I don’t think I’ve mentioned it here, but Andrew and I have been training since March to do a half-century bike ride. For those of you unfamiliar with biking “lingo”, a half-century is a 50-mile bike ride. This is a huge jump from last year’s longest ride of 30 miles, so we knew we had to train for it. Previous years we’ve just noodled around, adding a mile or two to our ride each weekend, but not seriously training. As a result, the 30 mile rides nearly killed us…okay, not really, but we were exhausted after them, staying in our jammies the day after those rides.
So we decided to train for this ride, and we have trained since April. Since then, I have put in nearly 950 miles between the real bike and the stationary bike in our basement. I’ve done 300 miles on the real bike alone. We started to find that 30 mile rides were no problem…much more than that was still a lot of work. We trained up to a 40 mile ride, which we did 3 weeks ago.
From the beginning, I wanted to do the entire length of the W&OD trail for our ride, but it’s only 44.5 miles long, so we had to add a little on. The plan was to take Metro to East Falls Church, which lies at mile 5 of the W&OD. From there take the trail to mile 0, then out to 44.5. The little extra getting to the Metro and getting from the Metro to the trail would take care of the extra 0.5 miles.
After many weeks of rides in 90-degree weather, we were excited to see the forecast – high in the upper 70s and no rain in sight.
I’ll admit that I had some trouble getting it through my head that this was the ride – the one we had been training for so many months. The first 25 miles felt just like any other ride…except for a couple of added challenges. First, I’ve been fighting a cough for a couple weeks, and I think I was having a hard time getting enough oxygen, though the coughing fits only kicked in when we stopped biking (which made it really hard to hydrate and eat snacks). Second, there was a headwind the entire way. Both of these meant that I was working harder for the entire trip than normal (my heart rate was about 10 beats per minute higher than it had been in previous weeks on the same parts of the trail).
I was frustrated from time-to-time that I wasn’t going faster – I was definitely going slower than on other rides. But then I’d look at my heart rate, and repeat on of the day’s mantras: “Today is about finishing, not finishing fast.”
Andrew discovered at the beginning that his rear wheel was out-of-true – he was missing two spokes. This was the second time this had happened to him this season. We took a short pit-stop in Vienna (about 17 miles into our ride) so he could get it fixed at our normal bike shop. Unfortunately, the guy told him he really needed a new wheel, so Andrew got it fixed as best as it could be, and we continued on.
We stopped for lunch in Herndon at about 25 miles into our ride – it was already 11:30 AM by then, so it was about the right time. I was worried that lunch would make us sluggish, but I definitely felt a burst of energy afterward.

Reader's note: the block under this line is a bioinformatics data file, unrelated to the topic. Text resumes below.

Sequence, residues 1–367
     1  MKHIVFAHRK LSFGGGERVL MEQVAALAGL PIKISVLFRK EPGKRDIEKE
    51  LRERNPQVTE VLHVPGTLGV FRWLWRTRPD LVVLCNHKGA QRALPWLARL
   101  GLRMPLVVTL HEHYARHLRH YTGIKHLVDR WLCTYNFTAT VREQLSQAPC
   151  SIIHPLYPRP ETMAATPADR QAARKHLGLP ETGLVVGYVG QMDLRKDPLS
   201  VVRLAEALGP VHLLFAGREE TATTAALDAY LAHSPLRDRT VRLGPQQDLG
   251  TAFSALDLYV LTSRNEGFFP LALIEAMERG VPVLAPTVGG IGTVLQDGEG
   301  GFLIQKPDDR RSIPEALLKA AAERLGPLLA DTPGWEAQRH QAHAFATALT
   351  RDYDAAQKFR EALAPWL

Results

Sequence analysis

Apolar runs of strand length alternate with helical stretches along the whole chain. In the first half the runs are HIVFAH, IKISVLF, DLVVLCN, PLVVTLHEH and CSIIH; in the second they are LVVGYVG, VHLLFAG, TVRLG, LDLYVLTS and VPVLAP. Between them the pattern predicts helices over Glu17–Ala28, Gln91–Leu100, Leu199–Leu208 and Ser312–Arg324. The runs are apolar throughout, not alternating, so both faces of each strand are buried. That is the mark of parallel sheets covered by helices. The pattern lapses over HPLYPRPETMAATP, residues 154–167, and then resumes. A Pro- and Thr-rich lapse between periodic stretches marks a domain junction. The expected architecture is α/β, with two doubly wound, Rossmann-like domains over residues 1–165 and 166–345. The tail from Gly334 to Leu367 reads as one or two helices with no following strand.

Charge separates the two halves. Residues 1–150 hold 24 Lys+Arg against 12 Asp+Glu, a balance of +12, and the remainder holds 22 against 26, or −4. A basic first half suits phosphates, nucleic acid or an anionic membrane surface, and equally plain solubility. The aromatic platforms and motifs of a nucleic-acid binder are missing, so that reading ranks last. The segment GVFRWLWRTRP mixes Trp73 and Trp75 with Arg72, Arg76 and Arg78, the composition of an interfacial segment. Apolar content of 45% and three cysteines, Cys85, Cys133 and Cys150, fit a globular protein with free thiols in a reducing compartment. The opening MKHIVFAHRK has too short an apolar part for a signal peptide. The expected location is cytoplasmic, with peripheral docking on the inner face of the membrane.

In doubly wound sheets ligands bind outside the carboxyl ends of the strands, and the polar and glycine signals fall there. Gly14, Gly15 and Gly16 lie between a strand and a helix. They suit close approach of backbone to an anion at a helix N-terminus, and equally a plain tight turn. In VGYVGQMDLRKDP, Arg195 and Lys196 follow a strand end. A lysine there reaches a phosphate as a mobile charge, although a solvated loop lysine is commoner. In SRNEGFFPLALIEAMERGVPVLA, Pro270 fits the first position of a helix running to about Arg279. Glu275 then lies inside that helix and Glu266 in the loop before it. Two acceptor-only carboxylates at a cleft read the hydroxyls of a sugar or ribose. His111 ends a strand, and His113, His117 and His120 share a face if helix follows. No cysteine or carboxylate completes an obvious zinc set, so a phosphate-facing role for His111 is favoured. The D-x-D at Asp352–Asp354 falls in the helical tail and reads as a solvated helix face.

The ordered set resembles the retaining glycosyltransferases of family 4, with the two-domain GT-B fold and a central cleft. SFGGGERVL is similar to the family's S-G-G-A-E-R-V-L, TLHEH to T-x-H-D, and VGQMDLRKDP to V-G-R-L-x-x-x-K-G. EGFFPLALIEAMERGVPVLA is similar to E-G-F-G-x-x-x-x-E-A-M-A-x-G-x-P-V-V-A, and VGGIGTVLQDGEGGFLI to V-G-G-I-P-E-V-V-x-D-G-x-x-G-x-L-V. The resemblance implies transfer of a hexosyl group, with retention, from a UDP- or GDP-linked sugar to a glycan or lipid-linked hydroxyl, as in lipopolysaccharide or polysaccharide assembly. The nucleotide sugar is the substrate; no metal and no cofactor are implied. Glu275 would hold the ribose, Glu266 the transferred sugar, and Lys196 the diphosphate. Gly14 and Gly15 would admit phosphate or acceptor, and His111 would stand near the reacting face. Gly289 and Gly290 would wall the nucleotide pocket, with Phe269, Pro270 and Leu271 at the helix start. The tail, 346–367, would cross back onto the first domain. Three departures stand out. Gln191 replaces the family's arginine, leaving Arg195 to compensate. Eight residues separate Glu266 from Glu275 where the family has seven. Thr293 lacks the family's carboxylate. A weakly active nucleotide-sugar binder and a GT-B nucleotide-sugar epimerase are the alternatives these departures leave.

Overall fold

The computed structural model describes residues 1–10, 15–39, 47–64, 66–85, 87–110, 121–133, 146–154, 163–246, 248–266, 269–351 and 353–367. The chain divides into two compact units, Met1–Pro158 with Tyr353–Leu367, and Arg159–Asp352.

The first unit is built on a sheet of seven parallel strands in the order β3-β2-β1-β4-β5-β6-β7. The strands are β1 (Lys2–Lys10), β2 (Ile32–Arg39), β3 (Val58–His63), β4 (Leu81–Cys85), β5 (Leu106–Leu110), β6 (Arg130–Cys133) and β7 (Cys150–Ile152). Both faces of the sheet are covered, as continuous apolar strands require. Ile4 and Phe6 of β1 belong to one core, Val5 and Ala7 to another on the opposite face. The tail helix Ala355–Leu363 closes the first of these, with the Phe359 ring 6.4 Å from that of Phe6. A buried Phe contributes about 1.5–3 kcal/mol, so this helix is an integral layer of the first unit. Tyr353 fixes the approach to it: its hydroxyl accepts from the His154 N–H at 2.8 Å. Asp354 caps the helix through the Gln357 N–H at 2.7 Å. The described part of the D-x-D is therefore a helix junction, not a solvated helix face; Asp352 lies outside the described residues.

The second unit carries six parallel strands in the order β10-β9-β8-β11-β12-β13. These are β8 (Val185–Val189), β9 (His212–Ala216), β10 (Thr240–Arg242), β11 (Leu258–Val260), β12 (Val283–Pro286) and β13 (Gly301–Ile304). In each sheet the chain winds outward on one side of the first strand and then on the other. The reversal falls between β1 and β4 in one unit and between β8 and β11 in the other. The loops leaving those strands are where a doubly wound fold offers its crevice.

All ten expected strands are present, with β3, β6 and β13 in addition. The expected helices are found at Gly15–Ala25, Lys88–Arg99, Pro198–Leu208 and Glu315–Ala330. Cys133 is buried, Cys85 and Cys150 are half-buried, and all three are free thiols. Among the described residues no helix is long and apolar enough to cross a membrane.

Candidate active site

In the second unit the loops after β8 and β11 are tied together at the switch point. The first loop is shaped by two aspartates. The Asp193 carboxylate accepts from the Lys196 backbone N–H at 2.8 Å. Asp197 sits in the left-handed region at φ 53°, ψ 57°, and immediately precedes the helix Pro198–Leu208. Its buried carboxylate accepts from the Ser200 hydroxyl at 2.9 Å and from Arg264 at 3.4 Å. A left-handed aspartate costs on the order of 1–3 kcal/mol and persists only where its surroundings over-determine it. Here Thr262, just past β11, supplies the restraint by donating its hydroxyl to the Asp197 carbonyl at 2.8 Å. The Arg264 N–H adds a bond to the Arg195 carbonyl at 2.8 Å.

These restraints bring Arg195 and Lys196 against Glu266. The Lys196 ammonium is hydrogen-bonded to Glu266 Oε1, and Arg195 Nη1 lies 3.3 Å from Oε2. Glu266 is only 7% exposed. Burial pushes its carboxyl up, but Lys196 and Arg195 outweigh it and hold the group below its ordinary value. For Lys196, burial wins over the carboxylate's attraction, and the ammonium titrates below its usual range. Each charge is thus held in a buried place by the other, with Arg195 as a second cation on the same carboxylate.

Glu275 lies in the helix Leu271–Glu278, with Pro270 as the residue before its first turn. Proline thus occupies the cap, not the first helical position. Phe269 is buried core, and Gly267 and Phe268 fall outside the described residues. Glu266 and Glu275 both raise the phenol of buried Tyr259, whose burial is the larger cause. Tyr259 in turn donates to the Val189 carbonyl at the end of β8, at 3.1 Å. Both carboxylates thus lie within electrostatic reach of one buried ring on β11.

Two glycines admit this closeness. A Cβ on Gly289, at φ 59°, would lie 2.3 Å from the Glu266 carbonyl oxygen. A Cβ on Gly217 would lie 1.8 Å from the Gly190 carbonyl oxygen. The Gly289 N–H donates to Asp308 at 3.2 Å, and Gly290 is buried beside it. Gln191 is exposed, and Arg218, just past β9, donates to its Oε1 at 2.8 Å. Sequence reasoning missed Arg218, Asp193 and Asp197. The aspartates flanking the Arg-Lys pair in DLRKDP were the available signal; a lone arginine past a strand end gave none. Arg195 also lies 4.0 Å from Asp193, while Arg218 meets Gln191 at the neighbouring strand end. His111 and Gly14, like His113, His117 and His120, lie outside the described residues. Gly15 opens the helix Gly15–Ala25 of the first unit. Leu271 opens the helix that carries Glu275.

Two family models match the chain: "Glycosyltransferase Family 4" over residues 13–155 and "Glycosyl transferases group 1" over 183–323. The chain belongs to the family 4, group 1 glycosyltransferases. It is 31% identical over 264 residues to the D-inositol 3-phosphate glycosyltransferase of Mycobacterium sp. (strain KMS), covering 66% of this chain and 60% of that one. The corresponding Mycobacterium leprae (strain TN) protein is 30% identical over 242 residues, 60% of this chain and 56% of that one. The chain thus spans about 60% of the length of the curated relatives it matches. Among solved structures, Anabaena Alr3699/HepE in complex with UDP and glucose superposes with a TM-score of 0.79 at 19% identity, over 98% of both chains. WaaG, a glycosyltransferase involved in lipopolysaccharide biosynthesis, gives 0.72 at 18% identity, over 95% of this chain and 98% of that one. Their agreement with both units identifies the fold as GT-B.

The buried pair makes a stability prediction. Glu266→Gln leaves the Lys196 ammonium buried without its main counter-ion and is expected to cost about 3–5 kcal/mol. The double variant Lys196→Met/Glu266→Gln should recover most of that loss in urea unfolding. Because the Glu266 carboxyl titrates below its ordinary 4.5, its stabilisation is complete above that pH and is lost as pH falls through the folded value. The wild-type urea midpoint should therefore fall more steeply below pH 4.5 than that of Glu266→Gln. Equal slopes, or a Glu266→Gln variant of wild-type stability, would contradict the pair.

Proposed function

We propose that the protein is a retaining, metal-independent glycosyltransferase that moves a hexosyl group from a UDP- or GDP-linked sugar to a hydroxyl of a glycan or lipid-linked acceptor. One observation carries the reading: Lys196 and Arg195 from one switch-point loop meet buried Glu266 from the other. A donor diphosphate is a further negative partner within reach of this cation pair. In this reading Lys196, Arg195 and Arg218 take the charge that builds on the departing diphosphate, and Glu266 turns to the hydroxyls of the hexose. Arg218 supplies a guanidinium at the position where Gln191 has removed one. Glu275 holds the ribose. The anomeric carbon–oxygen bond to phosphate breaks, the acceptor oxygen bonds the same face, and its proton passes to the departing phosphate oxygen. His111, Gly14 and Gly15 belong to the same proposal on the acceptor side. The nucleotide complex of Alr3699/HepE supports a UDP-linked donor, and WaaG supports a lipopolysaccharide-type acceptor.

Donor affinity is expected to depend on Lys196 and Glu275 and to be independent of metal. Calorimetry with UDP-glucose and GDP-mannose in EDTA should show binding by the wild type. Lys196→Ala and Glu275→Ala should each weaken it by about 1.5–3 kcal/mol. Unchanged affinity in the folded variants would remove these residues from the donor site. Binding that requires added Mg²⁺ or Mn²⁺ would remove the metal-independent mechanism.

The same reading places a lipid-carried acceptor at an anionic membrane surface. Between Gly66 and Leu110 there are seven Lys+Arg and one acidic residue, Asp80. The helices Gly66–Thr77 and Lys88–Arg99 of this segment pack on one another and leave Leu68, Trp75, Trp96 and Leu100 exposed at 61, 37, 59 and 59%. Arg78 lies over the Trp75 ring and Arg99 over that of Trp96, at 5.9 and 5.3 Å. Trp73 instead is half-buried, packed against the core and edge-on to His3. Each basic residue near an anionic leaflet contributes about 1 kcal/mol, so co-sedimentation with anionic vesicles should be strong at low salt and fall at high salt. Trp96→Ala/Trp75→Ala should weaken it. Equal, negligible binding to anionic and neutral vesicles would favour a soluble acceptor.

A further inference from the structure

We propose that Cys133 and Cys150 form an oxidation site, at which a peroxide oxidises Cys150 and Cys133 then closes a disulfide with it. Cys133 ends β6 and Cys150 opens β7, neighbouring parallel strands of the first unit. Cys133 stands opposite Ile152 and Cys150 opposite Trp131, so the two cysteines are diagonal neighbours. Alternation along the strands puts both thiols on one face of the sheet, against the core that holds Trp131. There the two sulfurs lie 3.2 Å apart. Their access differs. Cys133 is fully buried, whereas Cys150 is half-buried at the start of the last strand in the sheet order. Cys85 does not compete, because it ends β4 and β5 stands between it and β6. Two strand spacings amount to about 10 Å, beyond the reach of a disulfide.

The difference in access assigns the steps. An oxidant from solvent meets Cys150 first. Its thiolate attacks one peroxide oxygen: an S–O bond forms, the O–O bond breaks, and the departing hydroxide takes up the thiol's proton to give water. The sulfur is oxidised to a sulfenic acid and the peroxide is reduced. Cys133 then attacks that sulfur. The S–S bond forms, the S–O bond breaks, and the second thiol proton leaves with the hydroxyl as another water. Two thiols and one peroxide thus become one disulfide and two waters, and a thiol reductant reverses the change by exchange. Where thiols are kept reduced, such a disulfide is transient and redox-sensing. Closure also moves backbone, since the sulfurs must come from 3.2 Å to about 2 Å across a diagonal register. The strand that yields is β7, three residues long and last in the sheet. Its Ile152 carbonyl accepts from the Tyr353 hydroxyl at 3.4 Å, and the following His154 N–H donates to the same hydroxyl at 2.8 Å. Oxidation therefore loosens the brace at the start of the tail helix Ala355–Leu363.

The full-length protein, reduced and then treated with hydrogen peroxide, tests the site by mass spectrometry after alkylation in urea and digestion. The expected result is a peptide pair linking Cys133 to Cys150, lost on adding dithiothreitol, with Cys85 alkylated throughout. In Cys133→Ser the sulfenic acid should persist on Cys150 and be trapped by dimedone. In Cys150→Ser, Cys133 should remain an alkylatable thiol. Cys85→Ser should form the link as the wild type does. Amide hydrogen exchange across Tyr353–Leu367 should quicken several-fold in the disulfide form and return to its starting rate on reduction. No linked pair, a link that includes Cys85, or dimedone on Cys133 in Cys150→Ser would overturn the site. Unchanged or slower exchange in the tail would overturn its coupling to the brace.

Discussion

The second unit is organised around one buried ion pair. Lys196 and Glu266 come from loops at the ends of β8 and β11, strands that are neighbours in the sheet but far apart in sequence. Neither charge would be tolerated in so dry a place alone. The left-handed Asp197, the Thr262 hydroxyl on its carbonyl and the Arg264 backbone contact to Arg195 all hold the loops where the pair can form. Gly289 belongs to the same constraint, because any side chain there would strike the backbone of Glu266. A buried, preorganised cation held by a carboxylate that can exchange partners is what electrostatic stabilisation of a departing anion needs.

It was really the last 10 miles that were the hardest. Not that we didn’t work before that, but it started kicking in around mile 40 that this was the ride. It didn’t help that I knew there were some hills coming up around mile 43. These hills were actually on a detour off the trail, and were through a housing development, and we had come across them on our 40-mile training ride.
When we got to the detour off the trail, I was ready to break-down…I wanted to send a tweet asking my tweeps for more mojo, but my phone had died by then (it was tracking the ride, so I can’t blame it). At that point I just wanted to cry.
Here’s the two parts of the first offending hill (it doesn’t look like much in these pictures, but believe me, it was bad…especially at 43 miles in):
Then there was a downhill followed by an uphill…unfortunately there was a curve in the downhill that made me slow down so I couldn’t get as good a start on the uphill as I would have wanted.
Another frakking hill….that one was too much, so I dismounted and walked this hill. I felt a little defeated because of that, but ultimately got over it. I knew there was no way I could have biked it and still finished the last 6 miles.
Fortunately, the trail soon turned to more of a downslope after that hill. There were still a few ups and downs, but the overall downslope made me feel like I could actually do it.
The odometer on my bike computer turned to 50 miles before we hit the end of the trail (which I was expecting) – it was then that I started fighting tears. I already knew that I had done it; I had really done it. I held off the real tears, though, until we got to the end of the trail.
Andrew had gotten ahead of me so he could snap a picture; though he hadn’t quite gotten a good enough start, so he didn’t get an action shot. Instead I posed for the picture at the beginning of this post. Then I parked my bike and Andrew started to ask what we were going to do next…I didn’t really pay attention because I just started bawling. Thankfully there were people at the end of the trail who got to catch my break down (sarcasm – would have liked a more private cry, thank you very much).
But you know what? I’m crazy proud of myself. I set a goal at the beginning of this year – a goal that I wasn’t entirely sure I could do – and I did it.